- by Ulf Silfverström -
Sustainable enterprise means constantly working to reduce the environmental impact. For a long time, the laundry industry has been warm to the heart and contributed to a clean image.
"The industry has a responsibility," says Fredrik Lagerkvist, to inform the market that there are better alternatives to cotton. "
The road ahead may look different, but clearly the development will continue. We ask the question to CEO Fredrik Lagerkvist at Textilia how they work for sustainability? Textilia has most of its sales from public operations and in addition to reducing the environmental impact in its own production, Textilia has also chosen to push for new materials and more efficient flows.
A RESPONSIBILITY FOR EVERYONE
- The industry has a responsibility, Fredrik Lagerkvist says, to inform the market that there are better alternatives to cotton. Whether cotton is organic or not, it requires large areas of cultivation and plenty of water, a scarce commodity in many countries today.
Instead, Textilia is trying, as much as possible, to get wood-fiber-based textiles into its range and is happy to see this spread on a broad front. It reduces the environmental footprint.
- It is when we make new agreements that it is possible to make changes to the fabric stock. Slowly but surely, customers take in new materials. When we discuss with our suppliers we always have the sustainability aspect in mind, emphasizes Fredrik Lagerkvist.
GIVE THE TEXTILES NEW LIFE
Sustainability is also about making better use of the resources that already exist. Discarded textiles are now mainly used for heat recovery and for Textilia it is about 100 tonnes each year. But the options come.
- Now there is technology to break down the fibers and sew new textiles from them, says Fredrik Lagerkvist. They are given a new life.
MORE EFFECTIVE FLOWS
The flow in garment distribution can be improved through closer cooperation with customers. It provides both environmental and efficiency gains in customer operations. Textilia has a current and clear example - the new NKS hospital, New Karolinska Solna, with the ambition to become one of the world's most sustainable university hospitals.
- When the decision was made on NKS 2008, we were contacted. Together with Coor, who manages the property management, we have had the opportunity to influence the design to optimize the textile flow.
The idea has been to get work clothes closer to the users. NKS is big. It will take time to move if the distances to the garment release become too large. Say that the hospital's 6 employees instead save a few minutes each morning and every night. It quickly becomes many hours every day.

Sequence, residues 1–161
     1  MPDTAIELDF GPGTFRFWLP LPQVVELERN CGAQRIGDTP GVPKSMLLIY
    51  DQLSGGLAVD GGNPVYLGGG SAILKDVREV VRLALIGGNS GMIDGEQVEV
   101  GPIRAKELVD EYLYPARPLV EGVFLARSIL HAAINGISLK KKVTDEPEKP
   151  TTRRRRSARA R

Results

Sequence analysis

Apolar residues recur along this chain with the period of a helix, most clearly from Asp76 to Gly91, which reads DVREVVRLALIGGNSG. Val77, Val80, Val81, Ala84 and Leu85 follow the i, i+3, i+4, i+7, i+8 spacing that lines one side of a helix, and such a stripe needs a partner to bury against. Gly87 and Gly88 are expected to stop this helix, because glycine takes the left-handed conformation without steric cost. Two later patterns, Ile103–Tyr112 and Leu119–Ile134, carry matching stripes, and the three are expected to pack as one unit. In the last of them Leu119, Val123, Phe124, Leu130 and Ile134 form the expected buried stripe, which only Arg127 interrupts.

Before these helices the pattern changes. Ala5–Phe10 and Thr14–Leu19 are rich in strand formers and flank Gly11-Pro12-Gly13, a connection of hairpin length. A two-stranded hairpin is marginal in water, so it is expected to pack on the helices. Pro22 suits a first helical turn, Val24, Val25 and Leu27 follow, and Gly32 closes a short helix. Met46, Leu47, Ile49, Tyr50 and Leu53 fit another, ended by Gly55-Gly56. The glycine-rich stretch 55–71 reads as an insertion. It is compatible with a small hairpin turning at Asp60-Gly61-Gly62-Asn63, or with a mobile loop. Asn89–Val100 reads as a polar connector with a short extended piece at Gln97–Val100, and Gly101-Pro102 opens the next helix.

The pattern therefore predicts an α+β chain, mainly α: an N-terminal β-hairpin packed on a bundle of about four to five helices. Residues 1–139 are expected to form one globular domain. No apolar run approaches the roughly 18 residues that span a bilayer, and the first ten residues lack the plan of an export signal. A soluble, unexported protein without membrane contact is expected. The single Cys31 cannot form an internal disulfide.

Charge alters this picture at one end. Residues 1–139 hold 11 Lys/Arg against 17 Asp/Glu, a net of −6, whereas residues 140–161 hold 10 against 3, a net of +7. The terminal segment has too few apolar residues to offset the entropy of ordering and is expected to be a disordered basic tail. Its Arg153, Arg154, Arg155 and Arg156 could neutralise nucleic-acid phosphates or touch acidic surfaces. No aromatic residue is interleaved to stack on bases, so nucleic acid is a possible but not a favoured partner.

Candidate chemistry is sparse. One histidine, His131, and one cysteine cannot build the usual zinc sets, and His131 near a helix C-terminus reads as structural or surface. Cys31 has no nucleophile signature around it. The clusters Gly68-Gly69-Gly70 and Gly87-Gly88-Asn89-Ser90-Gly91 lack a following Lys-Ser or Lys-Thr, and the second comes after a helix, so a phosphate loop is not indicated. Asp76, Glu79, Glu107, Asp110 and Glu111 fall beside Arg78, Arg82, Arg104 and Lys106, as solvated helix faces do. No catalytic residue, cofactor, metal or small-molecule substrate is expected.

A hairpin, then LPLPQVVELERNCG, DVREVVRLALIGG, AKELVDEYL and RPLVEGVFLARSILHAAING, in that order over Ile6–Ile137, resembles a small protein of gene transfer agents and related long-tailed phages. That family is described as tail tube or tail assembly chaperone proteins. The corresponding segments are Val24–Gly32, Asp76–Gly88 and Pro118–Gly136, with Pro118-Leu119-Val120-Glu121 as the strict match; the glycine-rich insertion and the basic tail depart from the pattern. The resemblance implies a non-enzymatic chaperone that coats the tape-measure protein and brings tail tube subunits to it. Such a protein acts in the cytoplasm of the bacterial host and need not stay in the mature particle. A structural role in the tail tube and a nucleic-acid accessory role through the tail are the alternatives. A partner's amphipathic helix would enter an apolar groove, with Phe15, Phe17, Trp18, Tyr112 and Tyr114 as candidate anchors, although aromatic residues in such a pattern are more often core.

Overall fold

RFID Keeps Checking
- In the worst case scenario, it can affect hygiene if it takes too long during the working day to collect replacements. We have therefore chosen a wardrobe-based solution with RFID that keeps track of the garments. We place the wardrobes in several places in the hospital. This increases flexibility and reduces the time for movements and the risk of queues, says Fredrik Lagerkvist.
- It is also important that the textile flow fits into the hospital's other flows of food and medicines, for example. A goal is a high turnover rate on the textile stock. Much new thinking has been required to achieve it with garments that are effective and workable, yet effective from a flow perspective. It provides a profit for the environment and reduces the need for investment.
"In essence, it is important to see textile service to healthcare as the business-critical service it is."
COOPERATION IS QUALITY
The right solution for each task is a quality requirement that is likely to have an ever greater impact. In recent procurement, Fredrik Lagerkvist has seen questions about quality and continuous cooperation. How does the textile service company want to work with the customer? How can the company live up to the requirements?
- This is important. We usually have long agreements, 5-7 years, and the hospital's operations are subject to change many times during those years. That is why it is important to participate - all the time.
- In essence, it is important to see textile service to healthcare as the mission-critical service it is. If we do not deliver textiles to the hospital for a few days, the operation stops. There will be no operations, there will be nothing. I think our industry is good at highlighting our perspective. We deal with textiles every day and it is clear that we know best.